1 Natural History Museum of Denmark, Natural History Museum of Denmark, Faculty of Science, Københavns Universitet2 unknown3 Natural History Museum of Denmark, Natural History Museum of Denmark, Faculty of Science, Københavns Universitet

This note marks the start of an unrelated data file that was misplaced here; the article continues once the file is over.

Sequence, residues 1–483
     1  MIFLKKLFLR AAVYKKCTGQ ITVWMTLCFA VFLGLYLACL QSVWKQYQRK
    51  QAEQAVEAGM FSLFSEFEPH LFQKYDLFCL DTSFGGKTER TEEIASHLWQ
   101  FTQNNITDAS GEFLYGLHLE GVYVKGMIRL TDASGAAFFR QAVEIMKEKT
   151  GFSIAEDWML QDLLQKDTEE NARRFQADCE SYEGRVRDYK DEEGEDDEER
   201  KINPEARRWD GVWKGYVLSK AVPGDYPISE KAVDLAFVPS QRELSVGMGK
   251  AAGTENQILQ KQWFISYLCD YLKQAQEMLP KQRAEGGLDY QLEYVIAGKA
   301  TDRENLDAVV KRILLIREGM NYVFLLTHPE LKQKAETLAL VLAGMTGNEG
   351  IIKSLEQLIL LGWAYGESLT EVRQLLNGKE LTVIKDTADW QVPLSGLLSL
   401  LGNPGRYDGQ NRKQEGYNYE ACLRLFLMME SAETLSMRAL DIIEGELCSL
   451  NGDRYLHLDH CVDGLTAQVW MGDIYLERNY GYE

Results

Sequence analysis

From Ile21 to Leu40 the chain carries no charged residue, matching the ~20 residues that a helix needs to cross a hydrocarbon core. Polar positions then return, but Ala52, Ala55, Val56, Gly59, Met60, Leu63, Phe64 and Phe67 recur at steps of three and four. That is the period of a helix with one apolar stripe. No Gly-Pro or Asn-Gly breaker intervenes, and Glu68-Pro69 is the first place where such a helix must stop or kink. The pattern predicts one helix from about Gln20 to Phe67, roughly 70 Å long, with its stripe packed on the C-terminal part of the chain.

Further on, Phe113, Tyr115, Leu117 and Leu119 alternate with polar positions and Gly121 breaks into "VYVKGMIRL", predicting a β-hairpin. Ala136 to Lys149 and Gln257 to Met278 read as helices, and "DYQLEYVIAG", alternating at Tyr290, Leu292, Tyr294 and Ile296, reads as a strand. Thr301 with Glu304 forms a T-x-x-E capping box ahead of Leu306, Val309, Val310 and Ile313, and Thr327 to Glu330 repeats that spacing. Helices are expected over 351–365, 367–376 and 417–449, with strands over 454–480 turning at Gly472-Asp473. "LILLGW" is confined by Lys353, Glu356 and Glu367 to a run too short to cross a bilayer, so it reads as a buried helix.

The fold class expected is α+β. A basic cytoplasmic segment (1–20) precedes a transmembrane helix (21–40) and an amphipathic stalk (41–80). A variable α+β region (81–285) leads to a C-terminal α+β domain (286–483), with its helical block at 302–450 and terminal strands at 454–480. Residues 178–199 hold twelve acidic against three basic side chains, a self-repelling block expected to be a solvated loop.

Intensive forest management creates habitat degradation by reducing the variation of forest stands in general, and by removing old trees and dead wood in particular. Non-intervention forest reserves are commonly believed to be the most efficient tool to counteract the negative effects on biodiversity, but actual knowledge of the conservation efficiency is limited, especially for recent reserves. The structure of ecological communities is often described with measures of nestedness, beta diversity and similarity between communities. We studied whether these measures differ among forest reserves with different management histories. For this purpose, we used a large data set of wood-inhabiting fungi collected from dead beech trees in European beech-dominated forest reserves. The structure of fungal assemblages showed high beta diversity, while nestedness and similarity was low. During the decomposition process of trees beta diversity between the communities occupying different trees increased in natural, but not in previously managed sites. Effects of management and decay process on nestedness were complex. We argue that the detected differences most likely reflect historical effects which have extirpated specialized species from the local species pools in managed sites, and resulted in more homogeneous communities in managed sites. It is alarming that community structure is affected the most in the latest decay stages where the decay process turns the dead wood into litter, and which is thus the interface between the wood decay and the litter-decaying ecosystem. The effects of simplified communities in late decay stages on soil biodiversity should be studied. (C) 2013 Elsevier Ltd. All rights reserved.